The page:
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Office of the Prime Minister
Media Release

Timor Sea Treaty enters into force

Wednesday 2 April 2003

Today in Dili, following an exchange of notes between Timor-Leste Prime Minister Mari Alkatiri and the Australian Ambassador to Timor-Leste Paul Foley, the Timor Sea Treaty entered into force.

The Treaty provides for the sharing of petroleum production and taxation rights between Timor-Leste and Australia in one part of the Timor Sea which lies on Timor-Leste’s side of the median line between the two countries.  Under the terms of the Treaty, Timor-Leste will receive 90 per cent of production and taxation rights, and Australia 10 per cent.  Timor-Leste also gains administrative control over the Treaty area through the creation of a new Timor Sea Designated Authority.

Timor-Leste Prime Minister Mari Alkatiri said today at the exchange of notes ceremony:  ‘This is a happy day for Timor-Leste and Australia.  From today, we have a clear legal framework for petroleum investment in one part of the Timor Sea.’

The Treaty was signed on 20 May 2002 by Prime Minister Alkatiri and Australian Prime Minister John Howard.   The Timor-Leste Parliament ratified the Treaty on 17 December of last year; the Australian Government completed its ratification process today. 

At the ceremony, Prime Minister Alkatiri noted that there had already been significant work carried out by investors and governments to bring petroleum fields in the Treaty area, including the Bayu-Undan, Greater Sunrise, Jahal and Kuda Tasi fields, to production.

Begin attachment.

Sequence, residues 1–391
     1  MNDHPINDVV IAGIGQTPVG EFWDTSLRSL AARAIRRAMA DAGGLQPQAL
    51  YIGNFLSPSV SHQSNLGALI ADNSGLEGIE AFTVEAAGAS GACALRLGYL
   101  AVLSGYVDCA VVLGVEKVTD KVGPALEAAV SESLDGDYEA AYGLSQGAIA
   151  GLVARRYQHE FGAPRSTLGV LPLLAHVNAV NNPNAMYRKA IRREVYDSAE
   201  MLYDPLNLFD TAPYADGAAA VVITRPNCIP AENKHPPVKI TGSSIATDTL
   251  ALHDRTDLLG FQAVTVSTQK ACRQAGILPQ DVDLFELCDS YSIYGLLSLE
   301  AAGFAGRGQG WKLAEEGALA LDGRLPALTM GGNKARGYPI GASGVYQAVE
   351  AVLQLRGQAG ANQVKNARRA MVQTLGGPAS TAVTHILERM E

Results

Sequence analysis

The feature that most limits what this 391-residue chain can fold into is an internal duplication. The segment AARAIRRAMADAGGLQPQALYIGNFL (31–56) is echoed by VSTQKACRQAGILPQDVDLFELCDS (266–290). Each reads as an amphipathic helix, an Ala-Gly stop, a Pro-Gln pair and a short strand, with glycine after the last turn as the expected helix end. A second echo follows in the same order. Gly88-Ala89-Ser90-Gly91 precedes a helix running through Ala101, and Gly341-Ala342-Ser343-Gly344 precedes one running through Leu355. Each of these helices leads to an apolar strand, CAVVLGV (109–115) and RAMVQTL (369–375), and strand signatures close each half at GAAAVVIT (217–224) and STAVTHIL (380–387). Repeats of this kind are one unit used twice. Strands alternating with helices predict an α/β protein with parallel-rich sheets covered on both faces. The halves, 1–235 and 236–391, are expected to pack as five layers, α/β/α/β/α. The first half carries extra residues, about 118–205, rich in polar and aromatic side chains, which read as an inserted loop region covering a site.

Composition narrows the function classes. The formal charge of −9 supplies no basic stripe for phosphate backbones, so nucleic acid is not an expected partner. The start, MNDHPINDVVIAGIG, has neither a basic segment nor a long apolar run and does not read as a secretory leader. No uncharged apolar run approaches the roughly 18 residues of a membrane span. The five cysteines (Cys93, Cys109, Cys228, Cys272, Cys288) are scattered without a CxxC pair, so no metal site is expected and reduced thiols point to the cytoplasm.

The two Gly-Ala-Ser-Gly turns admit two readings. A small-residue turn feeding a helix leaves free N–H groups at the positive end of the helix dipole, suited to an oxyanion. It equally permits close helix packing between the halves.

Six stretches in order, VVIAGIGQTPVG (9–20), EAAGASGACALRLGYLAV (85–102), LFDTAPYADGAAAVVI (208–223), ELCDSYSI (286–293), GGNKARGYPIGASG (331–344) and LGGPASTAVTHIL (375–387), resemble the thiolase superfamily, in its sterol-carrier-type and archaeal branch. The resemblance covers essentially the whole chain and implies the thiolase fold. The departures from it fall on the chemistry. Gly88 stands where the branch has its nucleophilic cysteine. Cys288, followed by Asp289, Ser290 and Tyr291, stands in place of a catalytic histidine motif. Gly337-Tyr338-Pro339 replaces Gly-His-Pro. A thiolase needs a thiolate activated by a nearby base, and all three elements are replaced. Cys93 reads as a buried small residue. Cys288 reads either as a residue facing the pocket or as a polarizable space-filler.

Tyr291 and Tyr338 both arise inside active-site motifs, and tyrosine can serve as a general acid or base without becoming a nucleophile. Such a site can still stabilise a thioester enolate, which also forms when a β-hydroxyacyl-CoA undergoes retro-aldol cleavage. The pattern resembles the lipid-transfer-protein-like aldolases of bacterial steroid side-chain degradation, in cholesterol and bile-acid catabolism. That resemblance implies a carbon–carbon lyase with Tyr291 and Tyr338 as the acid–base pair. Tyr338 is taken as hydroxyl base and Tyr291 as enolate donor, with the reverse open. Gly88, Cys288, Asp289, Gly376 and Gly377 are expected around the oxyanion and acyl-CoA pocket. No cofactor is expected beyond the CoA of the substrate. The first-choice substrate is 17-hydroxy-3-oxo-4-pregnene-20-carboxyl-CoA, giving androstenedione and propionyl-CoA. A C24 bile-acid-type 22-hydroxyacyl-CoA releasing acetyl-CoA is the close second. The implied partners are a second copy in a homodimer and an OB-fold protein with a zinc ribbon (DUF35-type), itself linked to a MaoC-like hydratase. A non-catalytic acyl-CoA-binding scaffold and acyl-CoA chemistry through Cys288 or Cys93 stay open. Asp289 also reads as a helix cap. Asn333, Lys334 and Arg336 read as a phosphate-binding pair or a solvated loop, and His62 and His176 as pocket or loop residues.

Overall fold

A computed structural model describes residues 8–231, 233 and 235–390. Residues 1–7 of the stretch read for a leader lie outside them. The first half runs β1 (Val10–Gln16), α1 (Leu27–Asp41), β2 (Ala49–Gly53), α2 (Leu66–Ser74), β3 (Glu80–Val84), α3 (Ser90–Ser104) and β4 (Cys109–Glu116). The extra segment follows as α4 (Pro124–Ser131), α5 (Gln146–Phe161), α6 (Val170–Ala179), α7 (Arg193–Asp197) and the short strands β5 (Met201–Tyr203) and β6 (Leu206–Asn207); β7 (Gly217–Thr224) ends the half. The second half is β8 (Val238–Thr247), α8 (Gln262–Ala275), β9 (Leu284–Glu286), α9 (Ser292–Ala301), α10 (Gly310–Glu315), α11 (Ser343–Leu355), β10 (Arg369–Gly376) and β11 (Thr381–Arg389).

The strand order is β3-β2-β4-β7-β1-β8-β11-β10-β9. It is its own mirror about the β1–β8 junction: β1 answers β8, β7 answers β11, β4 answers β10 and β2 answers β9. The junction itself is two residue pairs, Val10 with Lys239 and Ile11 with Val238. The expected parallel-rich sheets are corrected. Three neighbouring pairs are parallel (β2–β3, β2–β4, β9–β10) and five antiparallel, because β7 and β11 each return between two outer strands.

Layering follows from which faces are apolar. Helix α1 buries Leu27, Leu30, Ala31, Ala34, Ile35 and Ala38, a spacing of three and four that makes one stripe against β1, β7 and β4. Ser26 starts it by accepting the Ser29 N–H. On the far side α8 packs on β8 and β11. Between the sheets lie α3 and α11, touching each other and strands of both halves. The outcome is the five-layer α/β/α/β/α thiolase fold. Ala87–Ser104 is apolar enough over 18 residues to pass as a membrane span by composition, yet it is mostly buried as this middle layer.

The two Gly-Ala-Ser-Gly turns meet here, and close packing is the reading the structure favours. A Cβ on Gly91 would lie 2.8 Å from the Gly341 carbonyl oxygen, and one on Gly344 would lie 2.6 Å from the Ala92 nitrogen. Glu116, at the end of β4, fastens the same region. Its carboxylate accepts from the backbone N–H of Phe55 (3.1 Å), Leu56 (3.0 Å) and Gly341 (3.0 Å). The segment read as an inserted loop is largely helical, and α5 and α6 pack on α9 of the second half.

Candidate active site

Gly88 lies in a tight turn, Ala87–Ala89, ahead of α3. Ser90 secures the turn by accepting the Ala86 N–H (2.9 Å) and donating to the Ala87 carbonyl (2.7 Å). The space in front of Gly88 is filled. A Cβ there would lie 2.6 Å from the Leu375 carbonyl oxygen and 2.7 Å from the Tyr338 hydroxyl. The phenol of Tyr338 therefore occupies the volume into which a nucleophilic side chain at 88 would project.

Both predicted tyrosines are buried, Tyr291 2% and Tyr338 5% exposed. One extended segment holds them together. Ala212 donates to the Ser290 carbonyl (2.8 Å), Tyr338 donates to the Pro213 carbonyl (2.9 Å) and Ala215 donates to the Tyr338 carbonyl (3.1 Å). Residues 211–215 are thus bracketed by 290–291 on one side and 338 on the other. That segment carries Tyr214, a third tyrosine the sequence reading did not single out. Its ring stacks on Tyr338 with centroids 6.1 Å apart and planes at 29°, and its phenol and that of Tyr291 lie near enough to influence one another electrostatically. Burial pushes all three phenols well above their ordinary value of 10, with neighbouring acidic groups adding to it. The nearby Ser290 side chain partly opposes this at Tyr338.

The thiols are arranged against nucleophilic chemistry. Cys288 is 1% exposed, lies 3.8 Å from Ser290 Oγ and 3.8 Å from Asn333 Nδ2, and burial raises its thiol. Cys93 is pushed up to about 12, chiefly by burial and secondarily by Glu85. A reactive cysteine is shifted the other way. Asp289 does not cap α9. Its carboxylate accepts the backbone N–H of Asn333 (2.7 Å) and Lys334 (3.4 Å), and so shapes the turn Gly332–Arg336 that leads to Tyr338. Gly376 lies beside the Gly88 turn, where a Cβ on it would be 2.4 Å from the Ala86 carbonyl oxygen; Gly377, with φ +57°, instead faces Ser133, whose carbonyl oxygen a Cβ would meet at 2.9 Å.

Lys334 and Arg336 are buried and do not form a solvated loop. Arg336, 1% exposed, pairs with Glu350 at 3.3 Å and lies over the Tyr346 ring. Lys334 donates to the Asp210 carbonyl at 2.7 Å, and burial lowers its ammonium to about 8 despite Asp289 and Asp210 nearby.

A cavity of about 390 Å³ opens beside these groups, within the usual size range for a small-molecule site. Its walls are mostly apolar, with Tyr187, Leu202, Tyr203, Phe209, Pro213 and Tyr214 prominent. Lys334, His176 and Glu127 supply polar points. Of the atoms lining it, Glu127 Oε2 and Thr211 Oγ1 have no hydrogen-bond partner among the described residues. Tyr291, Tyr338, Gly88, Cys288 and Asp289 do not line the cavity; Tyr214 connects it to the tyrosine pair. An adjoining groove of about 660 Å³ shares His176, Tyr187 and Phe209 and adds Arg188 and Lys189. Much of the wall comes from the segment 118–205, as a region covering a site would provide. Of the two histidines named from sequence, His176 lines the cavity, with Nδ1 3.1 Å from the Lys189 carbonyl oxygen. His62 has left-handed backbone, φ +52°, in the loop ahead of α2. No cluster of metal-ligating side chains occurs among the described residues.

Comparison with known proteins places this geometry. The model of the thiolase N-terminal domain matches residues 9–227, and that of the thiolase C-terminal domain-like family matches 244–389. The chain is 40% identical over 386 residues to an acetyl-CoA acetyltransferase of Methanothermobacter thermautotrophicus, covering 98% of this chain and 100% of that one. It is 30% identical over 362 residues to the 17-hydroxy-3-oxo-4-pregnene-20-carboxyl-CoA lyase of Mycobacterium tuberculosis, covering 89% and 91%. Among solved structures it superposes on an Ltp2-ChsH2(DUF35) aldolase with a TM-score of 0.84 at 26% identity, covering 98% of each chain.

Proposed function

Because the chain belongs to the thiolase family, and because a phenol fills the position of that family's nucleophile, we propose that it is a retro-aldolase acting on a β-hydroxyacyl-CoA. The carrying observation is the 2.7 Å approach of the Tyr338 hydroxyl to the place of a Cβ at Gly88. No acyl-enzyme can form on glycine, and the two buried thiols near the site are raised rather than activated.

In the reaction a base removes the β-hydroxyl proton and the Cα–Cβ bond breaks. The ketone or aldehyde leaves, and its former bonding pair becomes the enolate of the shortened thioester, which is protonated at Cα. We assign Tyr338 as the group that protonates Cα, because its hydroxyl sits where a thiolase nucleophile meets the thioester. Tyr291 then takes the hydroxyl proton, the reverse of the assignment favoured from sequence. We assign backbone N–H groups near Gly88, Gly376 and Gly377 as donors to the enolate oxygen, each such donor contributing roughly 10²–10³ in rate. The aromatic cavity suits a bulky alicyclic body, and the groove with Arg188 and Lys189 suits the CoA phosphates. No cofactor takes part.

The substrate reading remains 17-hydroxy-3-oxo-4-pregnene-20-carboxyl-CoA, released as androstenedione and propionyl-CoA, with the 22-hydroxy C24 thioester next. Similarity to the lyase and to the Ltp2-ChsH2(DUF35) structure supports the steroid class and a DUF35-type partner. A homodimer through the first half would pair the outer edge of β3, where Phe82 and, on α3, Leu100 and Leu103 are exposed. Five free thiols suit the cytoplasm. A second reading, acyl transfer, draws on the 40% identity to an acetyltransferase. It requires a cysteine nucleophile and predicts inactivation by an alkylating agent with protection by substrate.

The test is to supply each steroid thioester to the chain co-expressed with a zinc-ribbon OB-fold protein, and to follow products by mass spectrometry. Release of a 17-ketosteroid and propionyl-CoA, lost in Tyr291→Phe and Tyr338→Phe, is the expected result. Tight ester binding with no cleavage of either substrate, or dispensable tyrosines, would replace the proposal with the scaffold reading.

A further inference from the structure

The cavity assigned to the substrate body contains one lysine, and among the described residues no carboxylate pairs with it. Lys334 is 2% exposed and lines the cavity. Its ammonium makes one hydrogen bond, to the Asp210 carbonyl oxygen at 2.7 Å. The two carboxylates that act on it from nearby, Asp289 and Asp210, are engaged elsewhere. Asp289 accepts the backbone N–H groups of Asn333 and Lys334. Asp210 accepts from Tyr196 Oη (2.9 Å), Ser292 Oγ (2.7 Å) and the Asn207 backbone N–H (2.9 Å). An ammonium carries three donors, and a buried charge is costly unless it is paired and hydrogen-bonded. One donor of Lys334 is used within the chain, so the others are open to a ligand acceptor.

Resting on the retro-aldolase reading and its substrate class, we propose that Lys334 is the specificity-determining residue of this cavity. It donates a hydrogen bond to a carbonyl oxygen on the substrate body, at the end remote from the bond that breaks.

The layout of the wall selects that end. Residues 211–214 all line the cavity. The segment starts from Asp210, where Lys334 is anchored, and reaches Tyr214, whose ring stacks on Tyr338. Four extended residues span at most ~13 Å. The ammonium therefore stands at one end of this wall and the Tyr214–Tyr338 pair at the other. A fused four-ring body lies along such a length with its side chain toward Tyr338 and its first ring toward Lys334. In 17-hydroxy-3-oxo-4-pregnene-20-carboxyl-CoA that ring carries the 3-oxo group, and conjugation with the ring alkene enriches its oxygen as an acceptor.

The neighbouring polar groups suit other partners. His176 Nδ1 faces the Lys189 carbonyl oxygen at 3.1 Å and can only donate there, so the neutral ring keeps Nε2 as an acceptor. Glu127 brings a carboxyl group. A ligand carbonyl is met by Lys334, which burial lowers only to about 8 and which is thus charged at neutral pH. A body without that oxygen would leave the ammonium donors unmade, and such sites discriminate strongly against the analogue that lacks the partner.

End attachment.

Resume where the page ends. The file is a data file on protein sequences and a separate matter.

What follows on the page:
The first major development in the Treaty area will be the Bayu-Undan development.  That development will  proceed under the terms of a gas development plan which the governments and investors expect to finalise in coming weeks.   The gas development of Bayu-Undan is estimated to bring total revenues to Timor-Leste, over the 17 year life of the field, of US $3 billion.  The project will also bring significant economic benefits to Australia, both from upstream revenue and from the proposed location of gas processing facilities in Darwin.

Prime Minister Alkatiri emphasized that the Treaty, though it provides a clear legal framework for some investment, does not provide a permanent or comprehensive framework.

A permanent framework can only be provided by permanent maritime boundaries, which unfortunately Timor-Leste does not yet have,’ He said.  ‘But as a temporary revenue sharing arrangement, the Treaty represents a good interim measure until maritime boundaries are agreed.’

 Media enquiries:  Zoe Cottew +670 723 4156

The Timor-Leste Institute for Development Monitoring and Analysis (La’o Hamutuk)
Institutu Timor-Leste ba Analiza no Monitor ba Dezenvolvimentu
Rua D. Alberto Ricardo, Bebora, Dili, Timor-Leste
P.O. Box 340, Dili, Timor-Leste
Tel: +670-3321040 or +670-77234330
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